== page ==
Industry Experts: Can Rock Band Survive?

Industry Experts: Can Rock Band Survive?

The end of a once-hot franchise like Guitar Hero is disappointing for gamers, but it’s downright unnerving for other developers in the industry. Even employees in competing companies know one another, and an upheaval of any magnitude spreads shockwaves for miles. It’s an emotionally taxing time: Employees at surviving companies mourn for their friends’ job loss. Subsequent worries are more self-centered but perfectly understandable: “Are we next? What’s become of the market? What’s going to happen to my job?”

It’s therefore easy to sympathize with Harmonix, which described Guitar Hero‘s death as “discouraging” when asked the company for its thoughts. In fact, that’s a brave, calm response on Harmonix’s part: Rock Band and Guitar Hero are essentially half-brothers, so no one would have blamed Harmonix’s spokesperson if he had opted to respond to IndustryGamers with an email reading “AHHHHH!” After all, gamer, developer, and industry analyst alike seem to agree that the market for instrument-based games is dead, or at least in need of a long, long rest.

Guitar Hero had a great run while it lasted but it was obvious it couldn’t continue,” says David Cole, President of the DFC Intelligence game industry analyst group. “It was not the type of product like a sports game where people needed to upgrade every year to be up to date. There is only so much plastic stuff you want in your house.”

Chris Morris, a game journalist who contributes to Variety and CNBC, agrees. “I think the market has changed substantially since the game first came out,” he says. “Players have moved on from games like Guitar Hero in large numbers – and the cost of licensing the music from the artists and ASCAP simply proved too expensive.

“It will be interesting to see if in five years or so someone finds a way to make music games relevant again to the gaming audience at the time.”

All great points, but a little depressing. Is there no hope at all for the future of Rock Band?

As of this moment, Rock Band is not dead, and Harmonix is battening down the hatches in these hard times to help the franchise survive. The company has two main plans for Rock Band’s sustainability: More downloadable content in lieu of retail releases, and pitching the games as a fun way to learn how to play real instruments. Rock Band 3’s “Pro Mode” helped teach the fine art of strumming a guitar, and Harmonix isn’t going to stop there.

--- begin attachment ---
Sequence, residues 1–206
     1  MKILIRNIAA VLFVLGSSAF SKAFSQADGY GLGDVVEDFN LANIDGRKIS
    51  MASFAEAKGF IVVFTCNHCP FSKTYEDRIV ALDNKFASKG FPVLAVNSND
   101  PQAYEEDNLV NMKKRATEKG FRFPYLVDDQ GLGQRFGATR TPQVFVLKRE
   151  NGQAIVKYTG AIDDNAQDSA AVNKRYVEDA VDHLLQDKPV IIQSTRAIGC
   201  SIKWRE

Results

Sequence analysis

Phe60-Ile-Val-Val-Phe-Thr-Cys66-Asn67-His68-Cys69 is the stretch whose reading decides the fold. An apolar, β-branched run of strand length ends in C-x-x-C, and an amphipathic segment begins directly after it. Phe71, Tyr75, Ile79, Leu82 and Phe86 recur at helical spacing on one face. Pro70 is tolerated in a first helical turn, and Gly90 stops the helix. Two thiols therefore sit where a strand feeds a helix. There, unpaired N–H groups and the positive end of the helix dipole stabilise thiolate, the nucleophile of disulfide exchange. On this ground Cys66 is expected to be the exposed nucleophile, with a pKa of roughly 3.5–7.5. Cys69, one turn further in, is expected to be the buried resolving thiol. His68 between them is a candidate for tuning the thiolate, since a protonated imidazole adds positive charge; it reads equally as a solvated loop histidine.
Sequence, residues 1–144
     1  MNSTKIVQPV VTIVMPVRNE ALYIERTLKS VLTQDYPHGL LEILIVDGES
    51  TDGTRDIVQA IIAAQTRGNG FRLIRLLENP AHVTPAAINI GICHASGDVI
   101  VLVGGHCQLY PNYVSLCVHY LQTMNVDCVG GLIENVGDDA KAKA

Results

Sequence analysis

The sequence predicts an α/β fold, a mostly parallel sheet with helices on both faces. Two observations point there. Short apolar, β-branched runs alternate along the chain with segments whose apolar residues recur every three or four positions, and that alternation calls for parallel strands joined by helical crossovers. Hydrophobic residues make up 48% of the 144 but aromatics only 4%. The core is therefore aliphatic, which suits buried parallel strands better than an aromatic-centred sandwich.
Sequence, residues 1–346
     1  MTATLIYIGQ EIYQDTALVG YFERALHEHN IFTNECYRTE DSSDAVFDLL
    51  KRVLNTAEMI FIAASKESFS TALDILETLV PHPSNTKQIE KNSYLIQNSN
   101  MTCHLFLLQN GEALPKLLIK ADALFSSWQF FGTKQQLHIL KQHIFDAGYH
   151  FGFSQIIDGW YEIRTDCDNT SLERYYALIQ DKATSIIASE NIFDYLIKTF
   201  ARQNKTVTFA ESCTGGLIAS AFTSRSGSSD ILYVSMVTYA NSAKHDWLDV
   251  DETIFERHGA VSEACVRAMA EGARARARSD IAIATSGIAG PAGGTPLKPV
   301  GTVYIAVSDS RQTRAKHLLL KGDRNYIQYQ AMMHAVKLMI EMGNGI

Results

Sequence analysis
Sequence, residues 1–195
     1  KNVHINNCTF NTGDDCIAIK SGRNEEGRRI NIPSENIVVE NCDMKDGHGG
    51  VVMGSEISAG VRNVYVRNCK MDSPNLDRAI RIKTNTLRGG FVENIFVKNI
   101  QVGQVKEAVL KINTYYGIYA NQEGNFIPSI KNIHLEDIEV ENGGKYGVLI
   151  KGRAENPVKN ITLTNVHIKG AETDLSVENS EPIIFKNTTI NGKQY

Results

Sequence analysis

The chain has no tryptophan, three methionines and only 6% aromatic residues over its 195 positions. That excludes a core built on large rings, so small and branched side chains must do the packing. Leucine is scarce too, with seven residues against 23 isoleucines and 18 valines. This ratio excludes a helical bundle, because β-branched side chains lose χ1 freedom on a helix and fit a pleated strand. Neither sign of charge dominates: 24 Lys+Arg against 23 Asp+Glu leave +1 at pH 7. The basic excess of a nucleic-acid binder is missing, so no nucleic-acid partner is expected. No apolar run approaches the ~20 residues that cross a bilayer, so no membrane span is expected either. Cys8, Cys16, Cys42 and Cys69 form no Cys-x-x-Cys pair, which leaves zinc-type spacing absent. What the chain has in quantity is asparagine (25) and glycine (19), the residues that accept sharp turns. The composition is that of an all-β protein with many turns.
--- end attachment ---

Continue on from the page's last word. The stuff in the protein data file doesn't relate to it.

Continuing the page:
Rock Band 3 saw the introduction of our innovative new Pro Mode,” Harmonix told IndustryGamers, “in which aspiring musicians of all ages can develop actual musical skills through gameplay on guitar, bass, keyboards, and drums. We’re looking forward to the imminent release of the Fender Squier Stratocaster Guitar Controller, a fully functional guitar which doubles as a Rock Band Pro controller (launching March 1st). We are also relaunching the Rock Band Network, a way for bands of all shapes and sizes to get their music into Rock Band.”

Harmonix’s cautious restructuring of Rock Band will reveal if gamers still have a thirst for instrument-based games, or if it’s just time to set down the plastic guitar forever. However, Mike Vorhaus, an LA-based video game consultant, believes there’s still some hope for music games that focus on education and creation, as is Harmonix’s intent. “I think the future of music games is around playing and making music, as well as collaboration tools, and music knowledge games,” he says.

In fact, Harmonix hasn’t given up on Rock Band–and it’s not the only believer. Mike Snider, an entertainment reporter with USA Today, believes that Rock Band‘s potential as a teaching tool will help the franchise survive–and the passage of time may even mend the ailing instrument-based music genre.

“Despite all the turmoil in the music game genre, Rock Band 3 is a game that has legs,” he says. “I’m optimistic that the game with all of its enhanced learning features and added keyboards will find a growing audience.

“In the meantime, I assume Harmonix will continue to experiment with an evolution of Rock Band and continue releasing downloadable songs. Hearts could grow fonder if there is a longer period of time between releases and the new edition has similar ground-breaking new features.”

About Nadia Oxford
Nadia is a freelance writer living in Toronto. She played her first game at four, decided games were awesome, and has maintained her position since. She writes for, Slide to Play, GamePro and other publications, and is’s Guide to the Nintendo DS.

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